Fast fixes

I had my regular six-month dental checkup and cleaning today. As always, I did the same thing you probably do before going for your checkup: I brushed my teeth really, really good to fool him into thinking I’d been a good boy for the last six months.

You and I both know this doesn’t work, and we both know it doesn’t fool him, but we do it anyway. So why do we bother? My theory is we do it because it works in woodworking, so why shouldn’t it work with the dentist? Consider:

  • If we cut a dovetail slightly wrong and it doesn’t quite fit, a sanding block can often come to the rescue. A little sanding here, a little sanding there, and that dovetail slides in perfectly. Just as if we had cut the dovetail correctly earlier.
  • Dado too tight? Give that board one run through the planer, take off a nano-fraction of an inch and bingo, bango – perfect fit.
  • Drill a hole and it’s too small? No problem. Just clamp a piece of scrap over the hole, re-mark the spot on top of the scrap and drill again. Presto! Good as new, as if you never messed it up in the first place.

Situations like these and countless others in woodworking can be fixed after the fact so well, that it can fool anyone into thinking we’d done everything right all along. No wonder we expect our dentist to be fooled by a similar after-the-fact attempt to hide six months of bad habits with one extra-thorough brushing, just like drilling that second hole.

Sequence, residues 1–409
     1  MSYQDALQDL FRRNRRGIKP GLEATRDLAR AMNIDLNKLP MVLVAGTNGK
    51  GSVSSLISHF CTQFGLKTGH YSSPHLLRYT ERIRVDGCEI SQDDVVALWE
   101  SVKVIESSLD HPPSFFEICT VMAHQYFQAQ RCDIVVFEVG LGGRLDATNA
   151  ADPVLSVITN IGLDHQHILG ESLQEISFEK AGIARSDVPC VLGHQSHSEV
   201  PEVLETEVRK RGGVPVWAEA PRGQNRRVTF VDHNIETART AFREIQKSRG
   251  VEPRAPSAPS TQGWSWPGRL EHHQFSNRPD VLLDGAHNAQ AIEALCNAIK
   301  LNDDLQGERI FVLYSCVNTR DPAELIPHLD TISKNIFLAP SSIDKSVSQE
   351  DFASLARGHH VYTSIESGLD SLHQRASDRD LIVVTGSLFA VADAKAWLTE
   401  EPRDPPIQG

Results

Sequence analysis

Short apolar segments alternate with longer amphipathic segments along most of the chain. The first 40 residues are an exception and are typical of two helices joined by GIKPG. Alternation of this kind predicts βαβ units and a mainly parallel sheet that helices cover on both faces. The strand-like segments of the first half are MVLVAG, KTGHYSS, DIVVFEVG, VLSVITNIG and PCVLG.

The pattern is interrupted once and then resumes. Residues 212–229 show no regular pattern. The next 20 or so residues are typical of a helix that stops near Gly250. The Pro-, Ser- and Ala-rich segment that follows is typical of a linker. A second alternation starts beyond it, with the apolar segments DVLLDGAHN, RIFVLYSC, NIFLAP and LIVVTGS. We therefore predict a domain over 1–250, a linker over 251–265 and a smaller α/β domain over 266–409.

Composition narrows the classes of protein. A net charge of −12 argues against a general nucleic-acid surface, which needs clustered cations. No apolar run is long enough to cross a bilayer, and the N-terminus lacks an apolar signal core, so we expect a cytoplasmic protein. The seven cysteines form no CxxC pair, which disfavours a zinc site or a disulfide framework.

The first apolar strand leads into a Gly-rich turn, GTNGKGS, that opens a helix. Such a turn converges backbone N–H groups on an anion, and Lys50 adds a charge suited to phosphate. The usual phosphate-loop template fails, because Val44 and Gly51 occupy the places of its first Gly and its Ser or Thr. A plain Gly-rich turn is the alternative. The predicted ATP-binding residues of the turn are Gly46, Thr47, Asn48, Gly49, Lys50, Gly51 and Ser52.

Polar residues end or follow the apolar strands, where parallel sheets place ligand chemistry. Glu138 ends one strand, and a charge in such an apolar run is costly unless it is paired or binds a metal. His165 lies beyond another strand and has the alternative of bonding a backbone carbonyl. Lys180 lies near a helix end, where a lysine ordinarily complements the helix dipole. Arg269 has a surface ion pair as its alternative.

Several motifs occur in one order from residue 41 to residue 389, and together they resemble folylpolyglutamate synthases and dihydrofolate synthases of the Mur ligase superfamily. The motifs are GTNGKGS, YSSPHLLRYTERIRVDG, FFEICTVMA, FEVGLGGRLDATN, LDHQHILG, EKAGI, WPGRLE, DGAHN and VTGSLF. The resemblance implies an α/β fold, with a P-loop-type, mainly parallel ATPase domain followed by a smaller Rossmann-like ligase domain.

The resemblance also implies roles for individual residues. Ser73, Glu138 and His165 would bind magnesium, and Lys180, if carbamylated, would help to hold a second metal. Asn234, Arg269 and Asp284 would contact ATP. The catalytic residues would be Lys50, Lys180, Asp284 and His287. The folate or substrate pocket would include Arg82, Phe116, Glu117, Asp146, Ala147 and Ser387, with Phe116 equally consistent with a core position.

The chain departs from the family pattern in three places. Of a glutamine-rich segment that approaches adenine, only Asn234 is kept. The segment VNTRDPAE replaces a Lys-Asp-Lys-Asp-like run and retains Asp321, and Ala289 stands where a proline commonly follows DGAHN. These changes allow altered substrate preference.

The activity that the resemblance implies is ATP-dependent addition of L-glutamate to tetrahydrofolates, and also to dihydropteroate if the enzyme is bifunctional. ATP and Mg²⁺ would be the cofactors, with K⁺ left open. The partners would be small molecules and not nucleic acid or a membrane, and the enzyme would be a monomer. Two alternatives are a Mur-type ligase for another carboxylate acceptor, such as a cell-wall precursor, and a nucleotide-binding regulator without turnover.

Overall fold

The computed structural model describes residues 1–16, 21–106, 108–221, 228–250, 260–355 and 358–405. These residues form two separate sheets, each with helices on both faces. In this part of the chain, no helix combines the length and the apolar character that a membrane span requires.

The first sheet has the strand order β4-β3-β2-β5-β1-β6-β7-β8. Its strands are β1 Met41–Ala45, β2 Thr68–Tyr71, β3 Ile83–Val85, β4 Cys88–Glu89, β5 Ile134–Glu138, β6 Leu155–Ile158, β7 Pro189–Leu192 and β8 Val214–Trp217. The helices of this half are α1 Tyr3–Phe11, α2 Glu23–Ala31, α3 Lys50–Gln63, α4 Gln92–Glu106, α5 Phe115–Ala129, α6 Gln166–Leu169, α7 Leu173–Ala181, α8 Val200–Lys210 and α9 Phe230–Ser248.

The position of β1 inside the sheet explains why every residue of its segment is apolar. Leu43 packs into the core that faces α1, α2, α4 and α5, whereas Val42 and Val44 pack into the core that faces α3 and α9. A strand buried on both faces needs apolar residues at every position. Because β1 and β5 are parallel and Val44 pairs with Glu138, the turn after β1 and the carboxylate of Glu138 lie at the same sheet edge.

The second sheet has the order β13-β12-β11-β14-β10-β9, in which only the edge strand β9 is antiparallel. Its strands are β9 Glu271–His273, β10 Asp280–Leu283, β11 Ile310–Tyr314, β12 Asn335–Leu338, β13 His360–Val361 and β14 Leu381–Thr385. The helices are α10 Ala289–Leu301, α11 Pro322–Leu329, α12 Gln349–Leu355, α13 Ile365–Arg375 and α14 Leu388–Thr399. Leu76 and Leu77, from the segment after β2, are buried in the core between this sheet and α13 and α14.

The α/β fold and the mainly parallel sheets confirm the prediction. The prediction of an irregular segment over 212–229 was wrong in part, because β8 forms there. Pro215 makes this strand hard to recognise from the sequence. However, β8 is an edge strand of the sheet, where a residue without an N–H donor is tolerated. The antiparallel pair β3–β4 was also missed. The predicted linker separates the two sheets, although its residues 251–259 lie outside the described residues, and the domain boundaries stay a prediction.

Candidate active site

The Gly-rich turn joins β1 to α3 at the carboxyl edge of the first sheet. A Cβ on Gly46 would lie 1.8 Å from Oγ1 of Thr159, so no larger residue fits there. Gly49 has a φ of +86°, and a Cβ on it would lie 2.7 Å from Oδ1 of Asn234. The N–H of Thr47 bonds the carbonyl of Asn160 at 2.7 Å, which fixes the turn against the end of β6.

I wonder if nonwoodworkers do the same thing.

Worse, I wonder if my dentist does.

Till next time,



  • Bob Poole says:

    Drilled a 4″ hole for a dryer vent opening in a double floor, not thinking a 4″ pipe will not go into a 4″ hole.How do I enlarge it? It is in a very tight place You said clamp a scrap peice over the hole. How do you hold the scrap in place in my case.Thank you Bob

  • Lee Gordon says:

    The dentist may not be fooled by the last minute brush-fest, but he does appreciate the cleaner breath that results.

    Bob might want to try hot glue or double-stick tape.

  • A.J. Hamler says:


    In your case with a hole that large I wouldn’t try the scrap trick. Instead, I’m guessing that hole is very close to being the right size to accommodate that pipe. I’d chuck up a drum-sanding bit in a drill with the coarsest sanding sleeve you’ve got, and just ream that hole out till the vent pipe fits. Shouldn’t take too much.


  • Gary Muto says:

    My dentist IS a woodworker!!

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